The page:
‘Ill-Conceived, Ill-Timed, Unnecessary’

Written by Chuck Baker, President, ASLRRA
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The American Short Line and Regional Railroad Association is disappointed with the Federal Railroad Administration’s Train Crew Size Safety Requirements Notice of Proposed Rulemaking.  

With no safety data to support its proposal, the FRA has proposed an ill-conceived, ill-timed, unnecessary crew size mandate that would hinder the efficient operations of some small business railroads, snarl the supply chain and stifle innovation well into the future. ASLRRA looks forward to formally responding to the proposal and outlining the many negative impacts it will impose on the short line freight industry. 

“The proposed rule remains a solution in search of a problem.” 

 As ASLRRA has stated in past public testimony—which remains as true today as ever – there is no safety justification for advancing the proposed rule. The FRA itself, first in 2016 and again in 2019, acknowledged that no data exists to indicate that two-person crews are any safer than one-person crews. Short lines operate safely today with a variety of crew sizes, including single-person crews in some instances, that suit the work being performed. Broadly, safety in the freight rail industry has improved over the decades, even as crew sizes have dropped. The proposed rule remains a solution in search of a problem. 

 This proposed rulemaking comes at an inopportune time, with a supply chain stretched thin throughout the country and labor in limited supply.  Short lines and our many partners in the freight industry are working around the clock to rebound from pandemic-induced economic disruption and global gridlock. Being forced by regulatory fiat to operate less efficiently in any circumstances than would otherwise be possible will only make existing problems worse. 

Across the freight rail network, satisfactorily serving and responding to customers with even current staffing practices has been problematic, a situation that has garnered significant attention in the press and with the Surface Transportation Board. Mandating additional crewmembers on some short lines, or preventing any railroad from transitioning to smaller crews in the future, with no concurrent safety benefit, would 1) increase costs throughout the supply chain that will be passed along to consumers, 2) decrease flexibility, creativity and speed in serving shippers and 3) possibly result in the reduction or elimination of efficient and inexpensive freight rail service for many short line-served small shippers across rural and small-town America.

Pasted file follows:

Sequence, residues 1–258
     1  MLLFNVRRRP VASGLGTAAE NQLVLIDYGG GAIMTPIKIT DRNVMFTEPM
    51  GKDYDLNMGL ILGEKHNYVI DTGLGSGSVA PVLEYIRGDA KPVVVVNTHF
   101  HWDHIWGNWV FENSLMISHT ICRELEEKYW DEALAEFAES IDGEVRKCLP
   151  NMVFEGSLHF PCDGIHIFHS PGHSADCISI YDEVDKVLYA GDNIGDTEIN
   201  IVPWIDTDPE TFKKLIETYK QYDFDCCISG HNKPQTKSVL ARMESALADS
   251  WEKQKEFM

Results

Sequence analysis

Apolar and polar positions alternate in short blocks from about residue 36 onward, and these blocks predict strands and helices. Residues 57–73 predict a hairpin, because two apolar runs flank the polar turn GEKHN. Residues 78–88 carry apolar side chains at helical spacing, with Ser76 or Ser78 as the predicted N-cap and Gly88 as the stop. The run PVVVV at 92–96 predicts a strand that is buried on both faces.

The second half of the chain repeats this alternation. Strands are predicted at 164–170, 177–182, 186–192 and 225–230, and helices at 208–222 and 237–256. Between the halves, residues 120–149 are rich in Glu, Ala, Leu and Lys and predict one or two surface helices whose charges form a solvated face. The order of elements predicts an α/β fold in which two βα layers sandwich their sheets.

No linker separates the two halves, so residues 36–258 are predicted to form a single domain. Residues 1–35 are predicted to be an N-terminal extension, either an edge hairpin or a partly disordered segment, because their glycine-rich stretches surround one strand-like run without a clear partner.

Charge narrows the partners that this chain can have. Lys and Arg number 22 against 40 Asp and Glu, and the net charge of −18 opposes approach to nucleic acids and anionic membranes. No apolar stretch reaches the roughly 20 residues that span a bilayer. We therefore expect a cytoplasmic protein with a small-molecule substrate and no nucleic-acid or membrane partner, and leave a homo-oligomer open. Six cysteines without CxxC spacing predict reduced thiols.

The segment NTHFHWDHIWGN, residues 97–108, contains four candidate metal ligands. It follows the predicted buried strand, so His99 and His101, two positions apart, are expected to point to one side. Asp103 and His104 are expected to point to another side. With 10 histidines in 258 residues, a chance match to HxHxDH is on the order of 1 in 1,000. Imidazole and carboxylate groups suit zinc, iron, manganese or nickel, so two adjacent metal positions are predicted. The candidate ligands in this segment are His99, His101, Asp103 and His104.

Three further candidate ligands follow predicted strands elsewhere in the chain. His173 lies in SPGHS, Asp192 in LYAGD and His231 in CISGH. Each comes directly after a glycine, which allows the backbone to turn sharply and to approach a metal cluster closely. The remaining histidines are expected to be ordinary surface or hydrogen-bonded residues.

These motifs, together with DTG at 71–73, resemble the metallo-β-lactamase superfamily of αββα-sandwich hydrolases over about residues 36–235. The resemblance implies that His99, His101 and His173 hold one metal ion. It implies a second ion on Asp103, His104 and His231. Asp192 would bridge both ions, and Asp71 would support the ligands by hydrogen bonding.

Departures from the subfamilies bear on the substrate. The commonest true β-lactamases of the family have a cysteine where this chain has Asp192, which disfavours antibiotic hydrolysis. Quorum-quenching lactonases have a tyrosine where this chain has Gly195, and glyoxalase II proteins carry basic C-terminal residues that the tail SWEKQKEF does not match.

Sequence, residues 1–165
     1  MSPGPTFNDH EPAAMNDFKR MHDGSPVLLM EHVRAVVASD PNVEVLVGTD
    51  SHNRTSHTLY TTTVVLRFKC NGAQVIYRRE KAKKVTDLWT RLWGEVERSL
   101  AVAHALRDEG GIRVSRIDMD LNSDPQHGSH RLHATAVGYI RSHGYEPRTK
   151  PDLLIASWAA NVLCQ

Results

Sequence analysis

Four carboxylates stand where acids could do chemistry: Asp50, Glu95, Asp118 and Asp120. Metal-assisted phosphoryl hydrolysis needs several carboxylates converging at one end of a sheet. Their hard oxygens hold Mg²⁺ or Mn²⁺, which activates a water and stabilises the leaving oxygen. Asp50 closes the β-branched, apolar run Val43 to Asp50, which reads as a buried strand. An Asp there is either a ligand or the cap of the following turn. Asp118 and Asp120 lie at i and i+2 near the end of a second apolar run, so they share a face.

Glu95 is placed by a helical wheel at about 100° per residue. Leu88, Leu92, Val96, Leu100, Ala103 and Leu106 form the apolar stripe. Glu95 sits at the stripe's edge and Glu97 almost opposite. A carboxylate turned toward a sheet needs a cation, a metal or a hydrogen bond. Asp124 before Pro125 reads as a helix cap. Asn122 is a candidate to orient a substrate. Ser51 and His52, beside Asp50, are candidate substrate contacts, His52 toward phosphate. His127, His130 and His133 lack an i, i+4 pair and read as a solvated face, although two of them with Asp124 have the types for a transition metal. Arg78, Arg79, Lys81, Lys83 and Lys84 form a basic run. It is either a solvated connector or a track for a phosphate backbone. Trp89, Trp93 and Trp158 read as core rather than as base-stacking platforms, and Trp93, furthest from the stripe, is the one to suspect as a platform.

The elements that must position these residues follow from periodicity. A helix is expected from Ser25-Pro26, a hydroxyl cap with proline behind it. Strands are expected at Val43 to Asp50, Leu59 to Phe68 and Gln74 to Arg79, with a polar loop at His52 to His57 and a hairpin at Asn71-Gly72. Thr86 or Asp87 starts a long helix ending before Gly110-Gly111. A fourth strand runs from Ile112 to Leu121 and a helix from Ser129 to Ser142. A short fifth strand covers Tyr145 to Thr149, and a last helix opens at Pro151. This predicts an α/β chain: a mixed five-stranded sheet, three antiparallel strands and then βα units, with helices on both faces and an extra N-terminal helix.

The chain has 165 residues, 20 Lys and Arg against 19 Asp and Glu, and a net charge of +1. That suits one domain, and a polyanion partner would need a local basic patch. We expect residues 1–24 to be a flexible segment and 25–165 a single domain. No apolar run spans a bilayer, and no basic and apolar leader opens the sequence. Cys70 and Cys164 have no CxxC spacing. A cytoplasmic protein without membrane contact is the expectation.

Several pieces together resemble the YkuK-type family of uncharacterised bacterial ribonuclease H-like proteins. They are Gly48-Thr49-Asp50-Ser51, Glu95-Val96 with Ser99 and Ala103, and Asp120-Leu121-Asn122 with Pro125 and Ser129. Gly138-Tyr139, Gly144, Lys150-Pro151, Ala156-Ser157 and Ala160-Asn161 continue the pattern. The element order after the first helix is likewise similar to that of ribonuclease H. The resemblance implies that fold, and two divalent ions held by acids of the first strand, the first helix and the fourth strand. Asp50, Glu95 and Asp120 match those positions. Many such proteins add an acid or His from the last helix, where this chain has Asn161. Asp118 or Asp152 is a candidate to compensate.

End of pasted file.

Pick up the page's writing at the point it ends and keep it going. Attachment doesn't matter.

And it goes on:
This proposal, if finalized, would prevent some short line railroads from putting scarce capital where it may best be used, like making improvements to track and structures that ensure the efficient movement of goods and freight. Further, the rulemaking would require some railroads to hire more workers than necessary for this specific operating function. Whether there are any workers to be found or whether the job requires those personnel doesn’t seem to register. 

While some exceptions to this proposed mandate are provided for certain types of operations, and some short line railroads would be excepted based on the size of their business, the speed and length of their trains, the type of cargo they carry and the grade of the territory they traverse, many short lines would not be excepted, and the mandate would unnecessarily limit the flexibility of those short lines for no compelling safety reason. 

The opportunity to file a special approval petition to operate with fewer than two crewmembers in some circumstances is of cold comfort and is fraught with uncertainty.  This ad hoc permission-based approach would inhibit short lines’ ability to respond to changing business conditions in a timely fashion as they would not know if approval of their petition would be forthcoming and when.  Short lines operate on thin margins and are often easily supplanted by nearby and less-safe trucking options.  As there is considerable risk of ongoing viability for most short lines should they lose even one customer, short lines need to be able to move at the speed of business and not have their operations be dependent on the unpredictable approval of the federal government when there is no compelling safety justification for such a regime. 

 Finally, we are concerned with the backwards momentum that this rule would surely generate in the rail industry. While USDOT is encouraging other transportation modes to develop driverless or remote guidance options to increase safety, improve environmental impact, and drive marketplace efficiencies, and it even announced a new Federal Advisory Committee just last week on innovation and automation in transportation, this rule threatens to saddle freight railroads with a rule that does the exact opposite—adding arbitrary personnel requirements and financial burdens. 

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